Check out Paolo Isgro’s review on Wetpixels forum following his stay with us last year. We are looking forward to seeing more of his amazing photographs after his second stay with us this December. Below are a few of the images showcased in his trip report. Thanks Paolo for sharing.
In early February, our guests had the opportunity to observe a team from Conservation International (CI) mount a satellite tag on a whale shark. The satellite tags record location, depth, and water temperature, and transmits that data every time the dorsal fin of the shark breaks the surface. This information will allow them to monitor the whale sharks movements over the next two years. According to CI, their program is the only one of its kind in the world. They currently have tagged less than 20 whale sharks in Cenderawasih Bay and only 4 in Triton Bay as of Feb 2017.
Very little is known about whale sharks. CI’s monitoring and ID program here and in Cenderawasih Bay indicate that well over 90% of the 100+ individuals who have been identified so far are young males. They don’t know where the females or the adults are, and it is becoming apparent that Cenderawasih & Triton Bay must be some kind of nursery for young whale sharks. Of the sharks that we have seen ourselves here, most are between 3~9m. Our guests help contribute to the database by providing photos of the area around the shark’s left dorsal fin for identification.
Triton Bay Divers would like to thank Dr. Mark Erdmann, Abraham Sinapar, and the team from CI for the opportunity to observe them in their work. To learn more about CI’s whale shark monitoring program, please check out this link:
Even before my first visit to Triton Bay, I had known there was a resident population of Bryde’s whales here. But throughout the first few months we never saw them, and I admit I had doubts as to their existence. When I finally saw a water spout (but not the whale itself) I knew the reports were true. Eventually we did see the whales, but it was well into our first season. Sightings are still rare and far between.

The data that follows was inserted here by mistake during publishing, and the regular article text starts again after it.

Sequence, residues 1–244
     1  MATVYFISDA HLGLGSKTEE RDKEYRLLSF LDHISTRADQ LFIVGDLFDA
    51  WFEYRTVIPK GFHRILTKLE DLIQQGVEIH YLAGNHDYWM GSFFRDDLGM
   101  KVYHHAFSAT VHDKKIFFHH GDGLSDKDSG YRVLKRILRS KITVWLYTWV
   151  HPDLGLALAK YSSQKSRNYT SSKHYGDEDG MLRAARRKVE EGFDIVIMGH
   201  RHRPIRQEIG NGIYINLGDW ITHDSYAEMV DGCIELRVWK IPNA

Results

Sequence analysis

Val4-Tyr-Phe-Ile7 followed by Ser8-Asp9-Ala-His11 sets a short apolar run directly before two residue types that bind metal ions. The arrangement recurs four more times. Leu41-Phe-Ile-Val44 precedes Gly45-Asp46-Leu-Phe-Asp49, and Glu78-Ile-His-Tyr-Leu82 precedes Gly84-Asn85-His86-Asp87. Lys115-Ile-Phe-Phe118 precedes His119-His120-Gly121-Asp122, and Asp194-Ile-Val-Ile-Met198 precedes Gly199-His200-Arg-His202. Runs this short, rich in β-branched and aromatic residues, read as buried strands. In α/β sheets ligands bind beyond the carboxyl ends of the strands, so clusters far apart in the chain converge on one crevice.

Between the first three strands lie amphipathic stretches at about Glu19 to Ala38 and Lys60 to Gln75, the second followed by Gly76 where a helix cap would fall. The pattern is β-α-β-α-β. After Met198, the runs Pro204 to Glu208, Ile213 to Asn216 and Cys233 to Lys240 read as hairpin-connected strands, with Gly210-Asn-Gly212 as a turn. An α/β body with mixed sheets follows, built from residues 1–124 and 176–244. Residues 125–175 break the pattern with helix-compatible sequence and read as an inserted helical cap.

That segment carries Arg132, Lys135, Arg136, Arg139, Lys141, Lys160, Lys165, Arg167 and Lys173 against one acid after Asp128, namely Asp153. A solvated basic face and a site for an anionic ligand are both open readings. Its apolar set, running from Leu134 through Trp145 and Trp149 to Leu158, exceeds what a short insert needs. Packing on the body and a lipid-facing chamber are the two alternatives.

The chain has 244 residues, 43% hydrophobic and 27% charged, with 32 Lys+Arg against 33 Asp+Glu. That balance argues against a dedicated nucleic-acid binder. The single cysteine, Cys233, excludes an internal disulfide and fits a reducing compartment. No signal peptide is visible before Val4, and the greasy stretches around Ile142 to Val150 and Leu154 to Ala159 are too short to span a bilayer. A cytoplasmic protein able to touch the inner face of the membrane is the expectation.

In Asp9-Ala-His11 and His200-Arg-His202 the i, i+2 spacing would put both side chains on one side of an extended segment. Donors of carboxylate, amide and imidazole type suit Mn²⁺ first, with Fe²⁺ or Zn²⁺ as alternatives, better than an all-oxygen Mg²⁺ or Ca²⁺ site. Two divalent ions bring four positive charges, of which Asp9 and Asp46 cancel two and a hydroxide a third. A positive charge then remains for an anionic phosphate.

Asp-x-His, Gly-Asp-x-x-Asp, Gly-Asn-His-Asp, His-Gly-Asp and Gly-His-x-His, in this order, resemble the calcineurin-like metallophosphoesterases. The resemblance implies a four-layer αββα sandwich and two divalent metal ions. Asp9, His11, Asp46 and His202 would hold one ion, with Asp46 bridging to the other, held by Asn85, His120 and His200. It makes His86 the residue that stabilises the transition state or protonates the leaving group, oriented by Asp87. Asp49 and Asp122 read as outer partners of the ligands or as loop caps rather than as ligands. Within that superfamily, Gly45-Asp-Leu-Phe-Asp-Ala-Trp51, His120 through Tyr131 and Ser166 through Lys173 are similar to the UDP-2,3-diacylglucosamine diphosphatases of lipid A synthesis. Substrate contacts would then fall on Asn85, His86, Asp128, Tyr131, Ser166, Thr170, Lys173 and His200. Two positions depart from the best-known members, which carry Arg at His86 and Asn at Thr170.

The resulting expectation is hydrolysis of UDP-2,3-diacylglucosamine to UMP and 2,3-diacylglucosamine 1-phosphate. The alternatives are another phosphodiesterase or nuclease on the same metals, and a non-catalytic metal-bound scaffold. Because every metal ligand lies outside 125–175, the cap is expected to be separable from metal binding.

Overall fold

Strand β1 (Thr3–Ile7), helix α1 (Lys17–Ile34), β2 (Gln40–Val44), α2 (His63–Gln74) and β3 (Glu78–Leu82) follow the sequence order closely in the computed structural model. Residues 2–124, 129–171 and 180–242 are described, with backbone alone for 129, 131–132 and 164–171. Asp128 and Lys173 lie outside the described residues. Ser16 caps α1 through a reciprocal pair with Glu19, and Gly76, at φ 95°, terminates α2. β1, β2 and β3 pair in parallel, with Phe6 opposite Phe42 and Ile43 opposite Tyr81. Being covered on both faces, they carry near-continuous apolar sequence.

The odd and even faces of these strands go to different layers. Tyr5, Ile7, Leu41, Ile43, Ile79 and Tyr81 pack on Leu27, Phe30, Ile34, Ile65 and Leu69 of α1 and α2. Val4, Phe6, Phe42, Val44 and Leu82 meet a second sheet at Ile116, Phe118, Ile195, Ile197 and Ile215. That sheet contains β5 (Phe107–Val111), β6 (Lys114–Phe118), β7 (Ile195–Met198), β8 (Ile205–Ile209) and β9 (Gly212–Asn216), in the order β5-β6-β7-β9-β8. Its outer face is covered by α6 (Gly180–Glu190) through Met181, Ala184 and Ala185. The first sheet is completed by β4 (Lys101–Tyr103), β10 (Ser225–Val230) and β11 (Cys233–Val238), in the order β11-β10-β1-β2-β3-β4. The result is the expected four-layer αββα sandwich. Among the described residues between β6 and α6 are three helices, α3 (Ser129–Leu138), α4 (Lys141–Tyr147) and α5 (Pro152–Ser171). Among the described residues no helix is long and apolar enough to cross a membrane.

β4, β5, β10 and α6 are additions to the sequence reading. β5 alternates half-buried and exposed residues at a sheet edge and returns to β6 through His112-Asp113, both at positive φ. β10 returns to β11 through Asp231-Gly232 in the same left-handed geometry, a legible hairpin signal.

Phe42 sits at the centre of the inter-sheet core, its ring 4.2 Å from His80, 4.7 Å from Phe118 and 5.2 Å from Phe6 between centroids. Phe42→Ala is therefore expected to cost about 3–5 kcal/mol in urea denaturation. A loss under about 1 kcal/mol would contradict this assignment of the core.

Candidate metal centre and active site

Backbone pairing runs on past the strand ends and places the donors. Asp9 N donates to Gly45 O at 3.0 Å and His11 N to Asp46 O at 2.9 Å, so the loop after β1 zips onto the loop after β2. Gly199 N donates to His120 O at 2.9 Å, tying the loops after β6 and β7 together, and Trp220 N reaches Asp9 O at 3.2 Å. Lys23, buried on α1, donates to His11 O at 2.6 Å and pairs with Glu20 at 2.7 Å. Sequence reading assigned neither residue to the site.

Bryde’s Whales (pronounced as “broo-dess”) are baleen whales and are similar in appearance to minke, fin, and sei whales. There are two, maybe three different types of Bryde’s whales; the ones around Kaimana are coastal and are here year round. This particular species prefers warm water – it is the only baleen whale that spends all its time in tropical or sub-tropical water. They feed on anchovies (which are also favored by the whale sharks here!) and krill and grow to a maximum size of around 16m. For more information on this species, please check out this link.
These whales are not easy to approach as they just submerge if the boat gets too close. One August day coming back from Kaimana we saw them breaching from afar. We approached slowly, killed the engines, and waited. The hope was that they would come check us out, and one did, allowing me to get some video. This particular whale was about 10m long judging from the distance between his dorsal fin and his blow hole. There were at least two of them, and most likely more as we saw the whales surface from at least 3 different directions around us. It was such a thrill to see this animal up close and words just can’t come close to describing the feeling.